FOR IMMEDIATE RELEASE SEPTEMBER 13, 2011
CAFA DISTINGUISHED ACADEMIC AWARDS, 2011
(EDMONTON) – The Confederation of Alberta Faculty Associations (CAFA), the provincial organization representing academic staff associations at the University of Alberta, the University of Lethbridge, the University of Calgary, and Athabasca University, is pleased to announce the recipients of the CAFA Distinguished Academic Awards for 2011.
Dr. Jeffrey Bisanz, Professor in the Department of Psychology at the University of Alberta has been chosen to receive this year’s CAFA Distinguished Academic Award.
Dr. Glynnis Hood, Associate Professor in the Department of Science at the Augustana Campus, University of Alberta, is the recipient of the 2011 CAFA Distinguished Academic Early Career Award.
The CAFA Distinguished Academic Award recognizes academic staff members who through their research and/or other scholarly, creative or professional activities have made an outstanding contribution to the wider community beyond the university.
The CAFA Distinguished Academic Early Career Award recognizes academic staff members who, at an early stage of their careers, through their research and/or other scholarly, creative or professional activities have made an outstanding contribution to the wider community beyond the university.
“Through the annual CAFA Awards, the academic staff associations of the four research universities in Alberta celebrate the exceptional contributions made by our members, through their research, scholarly and creative activities, to the community beyond the academy,” said Dr. Walter Dixon, the President of CAFA. “This year we are proud to highlight the achievements of Dr. Jeff Bisanz and Dr. Glynnis Hood, whose research, in their respective fields, is having a remarkable impact on the wider community.”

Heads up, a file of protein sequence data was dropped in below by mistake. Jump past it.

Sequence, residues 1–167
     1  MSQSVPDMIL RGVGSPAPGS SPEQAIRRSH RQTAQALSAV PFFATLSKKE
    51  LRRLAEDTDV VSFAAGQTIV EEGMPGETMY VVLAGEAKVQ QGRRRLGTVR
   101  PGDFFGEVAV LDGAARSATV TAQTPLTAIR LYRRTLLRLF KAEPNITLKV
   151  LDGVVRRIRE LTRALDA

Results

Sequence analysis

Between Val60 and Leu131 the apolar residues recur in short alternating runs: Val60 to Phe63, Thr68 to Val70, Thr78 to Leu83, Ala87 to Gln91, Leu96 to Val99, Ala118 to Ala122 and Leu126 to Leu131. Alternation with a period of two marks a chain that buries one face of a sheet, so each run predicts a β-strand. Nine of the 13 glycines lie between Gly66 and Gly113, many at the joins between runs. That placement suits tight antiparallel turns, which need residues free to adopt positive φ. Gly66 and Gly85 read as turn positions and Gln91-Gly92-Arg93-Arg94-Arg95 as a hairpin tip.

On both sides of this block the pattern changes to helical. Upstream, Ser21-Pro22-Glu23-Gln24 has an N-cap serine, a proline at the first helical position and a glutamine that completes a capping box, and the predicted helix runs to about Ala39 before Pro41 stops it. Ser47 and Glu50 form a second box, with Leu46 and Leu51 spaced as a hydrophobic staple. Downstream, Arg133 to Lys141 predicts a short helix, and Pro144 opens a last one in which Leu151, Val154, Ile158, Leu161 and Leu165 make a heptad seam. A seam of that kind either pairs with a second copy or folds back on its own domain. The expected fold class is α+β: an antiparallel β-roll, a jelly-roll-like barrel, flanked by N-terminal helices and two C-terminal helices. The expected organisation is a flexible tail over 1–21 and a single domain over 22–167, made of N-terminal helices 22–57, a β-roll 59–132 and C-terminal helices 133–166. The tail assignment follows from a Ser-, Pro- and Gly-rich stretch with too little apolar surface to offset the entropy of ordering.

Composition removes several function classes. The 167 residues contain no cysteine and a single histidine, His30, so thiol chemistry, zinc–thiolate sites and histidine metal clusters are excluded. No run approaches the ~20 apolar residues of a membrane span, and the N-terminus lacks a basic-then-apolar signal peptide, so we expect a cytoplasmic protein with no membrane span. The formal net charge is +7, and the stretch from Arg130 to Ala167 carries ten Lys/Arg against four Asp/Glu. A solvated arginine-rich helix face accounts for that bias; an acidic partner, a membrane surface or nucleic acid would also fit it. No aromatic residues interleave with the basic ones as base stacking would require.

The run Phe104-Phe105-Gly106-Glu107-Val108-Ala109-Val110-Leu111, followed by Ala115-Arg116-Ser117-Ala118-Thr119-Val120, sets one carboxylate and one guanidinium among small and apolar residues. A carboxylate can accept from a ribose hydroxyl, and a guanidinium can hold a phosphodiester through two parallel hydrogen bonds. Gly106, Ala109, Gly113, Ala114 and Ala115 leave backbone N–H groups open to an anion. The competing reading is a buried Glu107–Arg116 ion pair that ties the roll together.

The 2011 CAFA Distinguished Academic Awards will be presented at a banquet at the Shaw Conference Centre, Edmonton, on Thursday, September 15, 2011. For further information on this year’s CAFA Award recipients, please see the attached backgrounders.
John Nicholls, Executive Director, CAFA
Tel (780) 492-5630 e-mail firstname.lastname@example.org
CAFA DISTINGUISHED ACADEMIC EARLY CAREER AWARD, 2011 DR. GLYNNIS HOOD
Dr. Glynnis Hood, an Associate Professor in the Department of Science at the Augustana Campus, University of Alberta, has been chosen to receive this year’s CAFA Distinguished Academic Early Career Award. The Award recognizes Dr. Hood’s outstanding contribution to the wider community beyond the academy through her wide-ranging research on wetland ecology, particularly the influence of the beaver on wetland systems.
Glynnis Hood’s career as an academic began as recently as 2007, when received her doctorate from the University of Alberta and joined the Augustana Science Department as an Assistant Professor in the Environmental Science and Studies Program. Previously, she worked for Parks Canada for 19 years as a park interpreter and warden in the national parks in Alberta, and that experience laid the foundation for the collaborations with government and community agencies that are a distinctive feature of her ongoing academic research program.
Since she joined Augustana, a colleague notes, Dr. Hood’s research program “has extended her Ph.D. work on the influences of beaver on wetland ecology, to examine the interactions between land use (including protected areas management) and beaver (as a keystone wetland species) on wetlands and the biodiversity and water resources they support. The results of this work will advance understanding of wetland function, and provide practical management strategies that will help to sustain aquatic ecosystems, while minimizing the potential conflict between wildlife and humans. These studies may also inform approaches to wetland sustainability, creation and restoration, critical components of the provincial Wetland Policy currently under renewal.”
Fieldwork involving undergraduate and graduate students is at the heart of Dr. Hood’s research, much of which has been conducted in protected areas and adjacent private and public lands. In 2010, she was instrumental in creating a groundbreaking Memorandum of Understanding between the University of Alberta and Alberta Tourism, Parks and Recreation, to facilitate joint research activities in protected areas. Together with two of her colleagues, she has also submitted a grant proposal to the Canadian Foundation for Innovation (CFI) for major funding to develop a research station at Miquelon Provincial Park, just north of the Augustana Campus.
Dr. Hood’s research is already generating considerable interest, and not only among academics. Not surprisingly, her finding that, where beaver are present, wetlands can retain nine times more open water area during a period of severe drought, has caught the imagination of the general public, just as awareness of water resource and environmental management issues is growing.